URBAN DESIGN SINCE 1945 / David Grahame Shane

Thursday, November 17, 2011 7:00 - 9:00pm

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D. Grahame Shane, with panelists Carola Hein, Brian McGrath, Georgeen Theodore, and Anthony Vidler, will present and discuss the emergence of postwar urban design as a global phenomenon. The program, which will begin with a historic overview by Shane, will focus on the themes developed in his recently published Urban Design Since 1945 – A Global Perspective.

By outlining the four dominant models in urban design over the last sixty years—the metropolis, the megalopolis, the fragmented metropolis, and the megacity—Shane provides a framework for analyzing the development of, and issues behind, contemporary urban form.

D. Grahame Shane teaches Graduate Urban Design at Columbia University and undergraduate students at The Cooper Union in New York. He also lectures for the Bartlett School of Architecture Graduate Urban Design Programme, University of London and at the Polytechnic in Milan, as well as participating in master classes at the University of Venice. He has lectured widely and published in architectural journals in Europe, the United States and Asia. He co-edited with Brian McGrath the Architectural Design title Sensing the 21st Century City: Close-Up and Remote, published in November 2005. His book Recombinant Urbanism: Conceptual Modeling in Architecture, Urban Design and City Theory was published by John Wiley & Sons in June 2005.

Carola Hein is a professor at Bryn Mawr College where she teaches in the Program in Growth and Structure of Cities. Her publications include, The Capital of Europe: Architecture and Urban Planning in the European Union and has edited and contributed to several books, notably Brussels: Perspectives on a European Capital and the forthcoming Port Cities: Dynamic Landscapes and Global Networks.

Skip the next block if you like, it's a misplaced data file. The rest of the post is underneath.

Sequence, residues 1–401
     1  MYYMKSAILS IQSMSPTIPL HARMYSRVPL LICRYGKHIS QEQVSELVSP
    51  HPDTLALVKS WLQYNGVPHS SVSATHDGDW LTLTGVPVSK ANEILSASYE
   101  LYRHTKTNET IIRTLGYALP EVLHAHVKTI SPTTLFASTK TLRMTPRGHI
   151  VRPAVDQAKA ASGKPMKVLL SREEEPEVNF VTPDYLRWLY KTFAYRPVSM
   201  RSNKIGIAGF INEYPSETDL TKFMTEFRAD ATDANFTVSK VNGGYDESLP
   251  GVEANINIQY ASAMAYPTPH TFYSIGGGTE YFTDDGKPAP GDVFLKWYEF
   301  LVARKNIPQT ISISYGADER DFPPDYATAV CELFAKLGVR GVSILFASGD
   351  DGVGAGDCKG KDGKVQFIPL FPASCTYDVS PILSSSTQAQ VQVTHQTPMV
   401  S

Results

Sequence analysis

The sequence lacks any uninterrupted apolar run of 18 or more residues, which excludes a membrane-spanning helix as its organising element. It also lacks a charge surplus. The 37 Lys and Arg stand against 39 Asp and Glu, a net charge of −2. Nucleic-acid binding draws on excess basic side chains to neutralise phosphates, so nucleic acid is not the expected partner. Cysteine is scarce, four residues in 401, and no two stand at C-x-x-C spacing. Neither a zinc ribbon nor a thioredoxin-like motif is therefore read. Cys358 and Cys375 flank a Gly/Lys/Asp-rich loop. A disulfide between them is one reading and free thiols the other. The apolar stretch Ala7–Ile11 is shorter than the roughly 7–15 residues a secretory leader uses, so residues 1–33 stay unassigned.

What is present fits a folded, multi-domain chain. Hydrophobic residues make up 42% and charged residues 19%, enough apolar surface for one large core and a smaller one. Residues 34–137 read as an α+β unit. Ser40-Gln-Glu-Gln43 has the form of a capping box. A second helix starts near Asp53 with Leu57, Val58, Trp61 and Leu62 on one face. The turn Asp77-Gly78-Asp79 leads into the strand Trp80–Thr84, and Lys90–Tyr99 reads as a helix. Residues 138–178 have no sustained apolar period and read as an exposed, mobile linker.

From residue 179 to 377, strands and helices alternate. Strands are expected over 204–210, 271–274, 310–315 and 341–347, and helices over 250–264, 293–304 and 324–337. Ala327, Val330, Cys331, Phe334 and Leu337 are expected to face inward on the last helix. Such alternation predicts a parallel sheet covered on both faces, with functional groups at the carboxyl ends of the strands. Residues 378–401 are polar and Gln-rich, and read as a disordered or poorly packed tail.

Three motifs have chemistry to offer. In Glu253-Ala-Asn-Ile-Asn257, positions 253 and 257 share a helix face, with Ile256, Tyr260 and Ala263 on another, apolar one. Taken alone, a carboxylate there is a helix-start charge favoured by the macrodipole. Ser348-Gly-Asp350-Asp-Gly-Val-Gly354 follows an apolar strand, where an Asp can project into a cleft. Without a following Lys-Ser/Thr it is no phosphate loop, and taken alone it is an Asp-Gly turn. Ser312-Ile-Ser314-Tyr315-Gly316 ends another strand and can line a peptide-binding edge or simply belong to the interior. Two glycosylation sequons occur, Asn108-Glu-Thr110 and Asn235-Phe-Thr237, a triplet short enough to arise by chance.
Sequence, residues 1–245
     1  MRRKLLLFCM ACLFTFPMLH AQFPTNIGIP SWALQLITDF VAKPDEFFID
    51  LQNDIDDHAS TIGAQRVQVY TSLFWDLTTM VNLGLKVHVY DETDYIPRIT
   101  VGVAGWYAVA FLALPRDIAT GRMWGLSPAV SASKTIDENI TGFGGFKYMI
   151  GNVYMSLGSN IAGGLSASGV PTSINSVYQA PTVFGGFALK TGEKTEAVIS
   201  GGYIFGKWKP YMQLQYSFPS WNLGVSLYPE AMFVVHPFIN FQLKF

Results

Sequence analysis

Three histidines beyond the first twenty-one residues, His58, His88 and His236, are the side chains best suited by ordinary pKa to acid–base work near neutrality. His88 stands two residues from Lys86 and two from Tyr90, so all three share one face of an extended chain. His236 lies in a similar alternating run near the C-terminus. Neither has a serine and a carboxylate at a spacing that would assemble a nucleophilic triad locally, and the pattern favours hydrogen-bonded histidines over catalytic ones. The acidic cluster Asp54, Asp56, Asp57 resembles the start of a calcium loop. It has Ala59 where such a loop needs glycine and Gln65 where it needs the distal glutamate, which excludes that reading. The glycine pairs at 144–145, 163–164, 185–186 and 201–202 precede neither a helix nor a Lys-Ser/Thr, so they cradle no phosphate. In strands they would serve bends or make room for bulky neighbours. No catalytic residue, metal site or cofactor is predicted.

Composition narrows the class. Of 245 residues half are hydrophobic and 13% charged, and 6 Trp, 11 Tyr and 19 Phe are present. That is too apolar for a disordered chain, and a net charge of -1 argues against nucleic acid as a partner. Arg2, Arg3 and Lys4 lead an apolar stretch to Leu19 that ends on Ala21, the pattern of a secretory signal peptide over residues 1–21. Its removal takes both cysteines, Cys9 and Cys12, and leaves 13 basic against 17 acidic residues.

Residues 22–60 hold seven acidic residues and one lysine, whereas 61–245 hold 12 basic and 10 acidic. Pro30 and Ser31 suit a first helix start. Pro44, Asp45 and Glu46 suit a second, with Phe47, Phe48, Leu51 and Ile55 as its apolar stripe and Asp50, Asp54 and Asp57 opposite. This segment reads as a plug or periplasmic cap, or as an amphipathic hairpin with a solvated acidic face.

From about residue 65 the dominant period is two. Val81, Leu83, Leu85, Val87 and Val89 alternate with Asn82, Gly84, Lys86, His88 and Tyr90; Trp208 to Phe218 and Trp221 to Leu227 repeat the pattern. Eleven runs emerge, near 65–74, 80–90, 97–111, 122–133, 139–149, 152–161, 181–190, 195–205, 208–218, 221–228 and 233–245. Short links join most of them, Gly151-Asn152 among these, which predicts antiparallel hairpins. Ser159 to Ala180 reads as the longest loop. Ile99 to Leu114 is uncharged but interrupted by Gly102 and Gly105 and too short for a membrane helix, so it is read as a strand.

Brian McGrath, Associate Professor of Urban Design at Parsons The New School for Design, is the founder and principal of Urban-Interface, an urban design consulting practice that fuses expertise in architecture, ecology, and media. His books and publications include: Digital Modeling for Urban Design, Transparent Cities, and Sensing the 21st Century City (co-edited by Grahame Shane).

Georgeen Theodore is an associate professor at New Jersey Institute of Technology, where she is also director of the school’s Infrastructure Planning Program. She is a founder and principal of Interboro Partners, who were this year’s winners of the MoMA PS1 YAP program with their installation “Holding Pattern.” Theodore’s recent research projects include “In the Meantime, Life with Landbanking,” and “However Unspectacular, The New Suburbanism.”

Anthony Vidler, Dean of the Irwin S. Chanin School of Architecture of The Cooper Union, is a historian and critic of modern and contemporary architecture. His publications include The Architectural Uncanny: Essays in the Modern, Warped Space: Architecture and Anxiety in Modern Culture, and the recently published The Scenes of the Street and Other Essays.

Co-sponsored by the Architecture League of New York

Admission is free for League members and The Cooper Union students/faculty/staff, and $10 for non-members.

Located in The Great Hall, in the Foundation Building, 7 East 7th Street, between Third and Fourth Avenues

  • Founded by inventor, industrialist and philanthropist Peter Cooper in 1859, The Cooper Union for the Advancement of Science and Art offers education in art, architecture and engineering, as well as courses in the humanities and social sciences.

  • “My feelings, my desires, my hopes, embrace humanity throughout the world,” Peter Cooper proclaimed in a speech in 1853. He looked forward to a time when, “knowledge shall cover the earth as waters cover the great deep.”

  • From its beginnings, Cooper Union was a unique institution, dedicated to founder Peter Cooper's proposition that education is the key not only to personal prosperity but to civic virtue and harmony.

  • Peter Cooper wanted his graduates to acquire the technical mastery and entrepreneurial skills, enrich their intellects and spark their creativity, and develop a sense of social justice that would translate into action.